When it comes to maintaining a healthy business, cash-flow management on construction projects often is more critical than attaining high profit margins. It is common that a job will not achieve positive cash flow until the last 5 to 10 percent of the project. Contractors have come to expect large initial cash investments in their projects to get them started. The failure to monitor and manage cash flow can extend the duration of borrowing to the point that both the project and contractor can be jeopardized.

The WIP report can be used to determine two fundamental and critical measures to help monitor and manage cash flow on the project. First, it identifies the amount billed for the scope of work that has been delivered and, secondly, the monies collected from the customer. Project billings to date (invoice totals) and cash collected to date (payments received against these invoices) are necessary for the WIP schedule:

The WIP report also identifies a contractor’s billing status in terms of over/under billings. Overbilling occurs when billings are more than the sales recognized to date. Underbilling occurs when billings are less than the sales to date. These amounts are separated so the contractor can evaluate his total overbilled and total underbilled status, as opposed to monitoring only his net over/underbilled status. This distinction is critical because the fact that one job is overbilled does not justify having another job underbilled by the same amount.

The cash-flow calculation compares the amount received from the customer to the actual project costs paid to date. When costs to date exceed the amount collected, this is reflected as a negative number (cash short). When received cash exceeds the paid costs, this is a positive number (cash over). These calculations are shown below, and Figure 3 illustrates a common layout for the “billings and cash position” section of the basic WIP report.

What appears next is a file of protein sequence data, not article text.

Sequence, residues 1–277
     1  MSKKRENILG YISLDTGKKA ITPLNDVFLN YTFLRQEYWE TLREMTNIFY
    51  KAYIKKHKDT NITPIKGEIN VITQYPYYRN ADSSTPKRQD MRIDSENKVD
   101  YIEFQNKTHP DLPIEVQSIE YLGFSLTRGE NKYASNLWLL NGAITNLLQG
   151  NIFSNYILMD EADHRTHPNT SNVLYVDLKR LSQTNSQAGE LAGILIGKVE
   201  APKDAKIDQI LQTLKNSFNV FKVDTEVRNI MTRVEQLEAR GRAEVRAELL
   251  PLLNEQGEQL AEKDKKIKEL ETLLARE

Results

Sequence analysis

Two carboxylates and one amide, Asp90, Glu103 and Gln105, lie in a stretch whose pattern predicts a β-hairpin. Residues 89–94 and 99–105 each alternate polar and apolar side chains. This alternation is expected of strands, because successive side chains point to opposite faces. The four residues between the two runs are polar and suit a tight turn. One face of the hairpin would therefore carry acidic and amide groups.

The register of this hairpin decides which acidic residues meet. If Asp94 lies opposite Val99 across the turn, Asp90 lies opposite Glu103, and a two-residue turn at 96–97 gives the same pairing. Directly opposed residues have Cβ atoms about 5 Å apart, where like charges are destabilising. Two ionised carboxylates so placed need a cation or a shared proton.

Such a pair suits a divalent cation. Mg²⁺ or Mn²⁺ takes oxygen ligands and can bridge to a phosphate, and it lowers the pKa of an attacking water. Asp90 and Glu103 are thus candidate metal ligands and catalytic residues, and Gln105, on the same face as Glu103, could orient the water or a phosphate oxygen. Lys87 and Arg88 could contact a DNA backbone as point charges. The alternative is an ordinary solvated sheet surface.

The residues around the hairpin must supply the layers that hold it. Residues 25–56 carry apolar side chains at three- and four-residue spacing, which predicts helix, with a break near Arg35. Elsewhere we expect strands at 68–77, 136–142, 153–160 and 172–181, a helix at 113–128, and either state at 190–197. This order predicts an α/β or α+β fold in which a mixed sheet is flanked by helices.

• If Earned Value > Project Billings to Date, then: Earned Value (Sales) – Project Billings to Date = Amount Underbilled
  • If Project Billings to Date > Earned Value, then: Project Billings to Date – Earned Value (Sales) = Amount Overbilled
  • Total Cash Received to Date – Actual Job Costs Incurred to Date = Cash (Short) Over

Going beyond the basics

There are no established requirements limiting the content of the WIP report. The WIP may be expanded to include other useful management tools that help create a visible snapshot of the project, department and company financial health and associated risk areas.

In future feature articles, we will investigate some additions to the basic WIP. We will expand on the connection between accounting and operations by discussing the financial management information available through a more detailed WIP report designed to help CFOs, accountants and owners accurately project future cash flows and potential write downs (or ups) from data available early in the project life cycle. Further expansion of the WIP can allow for refinement of both profit and cash-flow projections based on actual job productivity experience as well as consideration of estimated, actual and committed costs.

A well-designed and regularly maintained WIP report can be one of the most valuable tools for any contractor, regardless of size or specialty. Even a very basic WIP will allow owners and managers to accurately project profitability and better manage cash, improving relationships with employees, creditors, surety providers and customers. For companies with more complicated risk situations, tighter lending covenants or Sarbanes-Oxley reporting requirements, WIP can be expanded to provide the key ingredient in a management information system solution for financial assurance at the project level and higher.